There are different reasons for worshiping God -- not all of them good. Some worship out of habit. Some worship out of duty. Some worship hoping to gain God's favor. I hope none of these are the reason you are here. Rather, I hope and pray you are like David in Psalm 122. I hope and pray you are glad, happy, rejoicing when you hear the call to worship our worthy God. I hope and pray there is no place you would rather be than in worship. And, of course, on this side of the cross and the grave we have more reason to praise and worship God than David did.

II Why Jerusalem is Important
A This brings us to our second question: Why is Jerusalem important? Notice the first thing David says about the city:
(Ps 122:3; NIV84) — 3 Jerusalem is built like a city that is closely compacted together.
Is David admiring the building style, the architecture? Is David admiring the vision of the city planners? Is David admiring the infrastructure that brings water into the city and takes sewage out? No.

Look at what King David goes on to say about Jerusalem in verse 4:
(Ps 122:4; NIV84) — 4 That is where the tribes go up, the tribes of the LORD, to praise the name of the LORD according to the statute given to Israel.
Where do pagans worship? At high places. They go up to high places to worship their pagan gods. The people of Israel also "go up" for worship: to Jerusalem. They go up because Jerusalem was built on a hill, on Mount Zion. With this in mind, notice the heading to the psalm: "A song of ascents." In other words, a song sung as the people go up to Jerusalem for worship.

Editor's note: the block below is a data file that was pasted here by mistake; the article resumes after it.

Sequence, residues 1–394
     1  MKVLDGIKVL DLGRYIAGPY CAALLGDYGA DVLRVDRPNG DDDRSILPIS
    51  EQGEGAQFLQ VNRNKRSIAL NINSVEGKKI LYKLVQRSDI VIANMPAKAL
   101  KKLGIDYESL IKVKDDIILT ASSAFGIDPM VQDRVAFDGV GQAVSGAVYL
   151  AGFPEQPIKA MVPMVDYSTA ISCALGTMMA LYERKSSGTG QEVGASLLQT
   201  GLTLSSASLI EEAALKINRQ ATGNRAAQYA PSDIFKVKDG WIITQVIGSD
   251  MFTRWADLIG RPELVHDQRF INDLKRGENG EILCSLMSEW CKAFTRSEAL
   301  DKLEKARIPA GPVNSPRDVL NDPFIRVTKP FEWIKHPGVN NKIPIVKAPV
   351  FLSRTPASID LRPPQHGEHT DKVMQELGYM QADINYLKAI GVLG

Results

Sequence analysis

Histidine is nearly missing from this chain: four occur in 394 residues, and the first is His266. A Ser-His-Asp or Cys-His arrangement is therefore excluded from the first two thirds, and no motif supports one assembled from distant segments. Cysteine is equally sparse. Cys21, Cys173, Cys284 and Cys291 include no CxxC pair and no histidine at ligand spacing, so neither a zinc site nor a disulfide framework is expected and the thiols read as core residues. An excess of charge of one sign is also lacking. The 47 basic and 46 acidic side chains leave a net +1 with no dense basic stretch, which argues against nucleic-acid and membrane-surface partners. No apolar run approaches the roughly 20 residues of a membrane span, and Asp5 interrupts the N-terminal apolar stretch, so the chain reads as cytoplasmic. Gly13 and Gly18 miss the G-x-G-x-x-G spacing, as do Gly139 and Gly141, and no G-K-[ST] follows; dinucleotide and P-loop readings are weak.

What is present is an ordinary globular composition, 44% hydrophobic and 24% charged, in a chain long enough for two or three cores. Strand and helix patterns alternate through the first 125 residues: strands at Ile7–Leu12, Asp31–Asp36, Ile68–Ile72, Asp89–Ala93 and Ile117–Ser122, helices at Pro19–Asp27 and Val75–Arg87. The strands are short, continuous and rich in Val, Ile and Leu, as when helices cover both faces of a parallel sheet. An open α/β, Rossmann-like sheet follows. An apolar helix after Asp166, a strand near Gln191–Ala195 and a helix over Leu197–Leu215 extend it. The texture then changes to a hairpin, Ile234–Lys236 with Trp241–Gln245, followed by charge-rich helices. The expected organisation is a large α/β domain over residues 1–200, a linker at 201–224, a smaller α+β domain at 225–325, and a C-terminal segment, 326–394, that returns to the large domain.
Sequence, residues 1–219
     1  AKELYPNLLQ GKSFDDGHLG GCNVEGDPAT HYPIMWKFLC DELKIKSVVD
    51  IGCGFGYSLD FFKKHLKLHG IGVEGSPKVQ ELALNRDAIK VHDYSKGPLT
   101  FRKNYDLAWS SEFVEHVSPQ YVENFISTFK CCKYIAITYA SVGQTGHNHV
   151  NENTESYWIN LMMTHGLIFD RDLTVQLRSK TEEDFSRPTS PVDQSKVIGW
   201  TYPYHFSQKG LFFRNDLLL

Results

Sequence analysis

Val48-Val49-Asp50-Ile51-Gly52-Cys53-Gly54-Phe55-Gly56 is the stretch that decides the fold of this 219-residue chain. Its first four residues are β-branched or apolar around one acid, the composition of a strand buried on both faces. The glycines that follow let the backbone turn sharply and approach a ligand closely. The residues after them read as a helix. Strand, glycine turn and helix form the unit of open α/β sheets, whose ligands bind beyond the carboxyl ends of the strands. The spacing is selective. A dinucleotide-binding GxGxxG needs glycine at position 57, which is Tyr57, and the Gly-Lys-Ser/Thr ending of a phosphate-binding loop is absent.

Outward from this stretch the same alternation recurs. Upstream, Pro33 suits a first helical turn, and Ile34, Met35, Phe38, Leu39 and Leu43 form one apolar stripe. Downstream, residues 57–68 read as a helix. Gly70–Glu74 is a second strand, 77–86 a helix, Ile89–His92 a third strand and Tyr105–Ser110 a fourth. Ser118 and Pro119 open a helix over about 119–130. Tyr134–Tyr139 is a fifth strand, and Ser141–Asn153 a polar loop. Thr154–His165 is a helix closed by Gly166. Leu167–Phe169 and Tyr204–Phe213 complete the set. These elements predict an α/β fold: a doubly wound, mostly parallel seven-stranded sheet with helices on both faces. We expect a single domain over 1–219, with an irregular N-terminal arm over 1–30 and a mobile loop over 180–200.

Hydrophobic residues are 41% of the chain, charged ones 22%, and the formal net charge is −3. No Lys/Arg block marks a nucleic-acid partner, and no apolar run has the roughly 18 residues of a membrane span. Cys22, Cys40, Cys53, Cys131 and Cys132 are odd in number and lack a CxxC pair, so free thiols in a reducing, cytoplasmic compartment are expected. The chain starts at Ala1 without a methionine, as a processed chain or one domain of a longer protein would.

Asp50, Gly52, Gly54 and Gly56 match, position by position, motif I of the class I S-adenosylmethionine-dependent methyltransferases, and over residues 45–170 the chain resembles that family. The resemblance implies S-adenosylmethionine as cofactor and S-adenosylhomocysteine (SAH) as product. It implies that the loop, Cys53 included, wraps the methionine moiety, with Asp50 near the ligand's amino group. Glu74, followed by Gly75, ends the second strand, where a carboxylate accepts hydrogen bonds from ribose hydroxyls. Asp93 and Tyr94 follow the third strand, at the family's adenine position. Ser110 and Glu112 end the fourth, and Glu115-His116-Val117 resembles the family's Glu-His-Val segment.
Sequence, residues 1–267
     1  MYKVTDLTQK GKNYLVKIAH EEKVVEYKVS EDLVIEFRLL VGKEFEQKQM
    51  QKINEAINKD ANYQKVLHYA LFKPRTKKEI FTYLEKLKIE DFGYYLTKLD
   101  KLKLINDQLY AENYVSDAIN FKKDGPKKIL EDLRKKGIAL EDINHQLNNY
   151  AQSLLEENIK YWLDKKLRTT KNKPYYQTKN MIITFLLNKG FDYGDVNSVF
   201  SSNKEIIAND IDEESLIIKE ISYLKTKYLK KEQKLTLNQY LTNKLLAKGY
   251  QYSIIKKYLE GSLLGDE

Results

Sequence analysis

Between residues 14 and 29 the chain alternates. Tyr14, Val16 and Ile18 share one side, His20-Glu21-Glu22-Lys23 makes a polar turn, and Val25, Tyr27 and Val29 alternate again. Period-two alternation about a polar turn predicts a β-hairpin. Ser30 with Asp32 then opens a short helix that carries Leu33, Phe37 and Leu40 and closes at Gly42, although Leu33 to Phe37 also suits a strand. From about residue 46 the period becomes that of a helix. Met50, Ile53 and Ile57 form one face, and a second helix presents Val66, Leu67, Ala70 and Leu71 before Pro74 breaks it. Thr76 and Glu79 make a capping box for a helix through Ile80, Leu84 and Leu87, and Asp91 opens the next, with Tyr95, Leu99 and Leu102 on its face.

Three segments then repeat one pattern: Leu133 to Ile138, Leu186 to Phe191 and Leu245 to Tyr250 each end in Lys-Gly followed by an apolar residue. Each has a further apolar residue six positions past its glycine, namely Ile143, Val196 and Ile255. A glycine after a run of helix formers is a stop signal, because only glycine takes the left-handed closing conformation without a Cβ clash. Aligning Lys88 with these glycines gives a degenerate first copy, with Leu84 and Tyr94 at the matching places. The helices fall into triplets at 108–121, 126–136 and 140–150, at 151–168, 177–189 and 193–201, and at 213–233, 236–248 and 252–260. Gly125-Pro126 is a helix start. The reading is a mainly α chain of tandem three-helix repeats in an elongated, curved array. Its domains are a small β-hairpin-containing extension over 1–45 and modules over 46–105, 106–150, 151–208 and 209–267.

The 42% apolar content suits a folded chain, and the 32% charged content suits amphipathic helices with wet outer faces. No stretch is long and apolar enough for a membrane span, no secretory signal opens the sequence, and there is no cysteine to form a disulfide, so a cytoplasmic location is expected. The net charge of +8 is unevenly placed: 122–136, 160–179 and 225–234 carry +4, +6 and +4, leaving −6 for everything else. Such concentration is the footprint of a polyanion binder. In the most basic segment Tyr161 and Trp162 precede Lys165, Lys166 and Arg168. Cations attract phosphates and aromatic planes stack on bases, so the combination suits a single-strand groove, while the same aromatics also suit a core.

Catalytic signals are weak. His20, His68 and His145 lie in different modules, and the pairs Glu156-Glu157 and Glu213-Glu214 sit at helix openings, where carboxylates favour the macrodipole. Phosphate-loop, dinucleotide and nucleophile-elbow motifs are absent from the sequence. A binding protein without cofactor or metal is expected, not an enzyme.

The people of Israel go up to Jerusalem to worship God because the Temple is there, the house of the LORD. Remember what you find in the Temple? The Holy Place with the table of showbread, the golden lampstand, and the altar of incense. At the back end was a veil, a curtain, that separated the Holy Place from the Holy of Holies; there you found the ark of the covenant and its mercy seat with the two golden cherubim looking towards each other. Between the two cherubim God met with His people and spoke to His people (Ex 25:22). Do you hear what this means? In the Old Testament you go to Jerusalem, to Zion, to meet with the LORD.

If you are able to go to worship every Sunday you may take that blessing for granted. When that routine is threatened, or lost for a time as we had with COVID, you suddenly realize what you are missing. This was the experience of many of the Old Testament saints. Distance and trials kept them from the house of God. There were decades when worship was neglected and God's house lay demolished. Even in the best of times, believers could not simply jump in a car and attend worship. Many of them had to make long and risky pilgrimages. At best, some came to the Temple for only three feasts a year (Deut 16:16).

God has blessed us with a magnificent building for our worship. But, unlike Israel, in the New Testament our building is not important. We can meet with God in the parking lot; we can meet with God in a school gym or the YMCA; we can meet in a barn or in a park; as long as we do so in Spirit and in truth.

"Let us go to the house of the LORD." Us. Notice, the children of Israel go up to Jerusalem to meet with the LORD in the presence of His people. Worship is never meant to be a solo experience. It is not one man or one woman alone with their God. Rather, worship is two or three or more gathered together in His name (Mt 18:20). That's why the call to worship is plural: "Let us." Not, "Let me, myself, and I." "Let us go to the house of the LORD."

Jerusalem is a city. A community. A public place. A place of corporate worship. "Let us go to the house of the LORD." David delights not only in meeting with God but also in meeting with God's people. He loves corporate worship of God. He loves to be part of a crowd that proclaims the worthiness of God. This is true for today as well: Those who know God's grace, love to gather with God's people to give Him praise.

B The children of Israel go up to Jerusalem because there they find the Temple. Do you know what else they find in Jerusalem? Listen to what verse 5 says:
(Ps 122:5; NIV84) — 5 There the thrones for judgment stand, the thrones of the house of David.
The royal court is found in Jerusalem. That's where David administered judgment and justice. That's where David ruled. That's where his throne was located.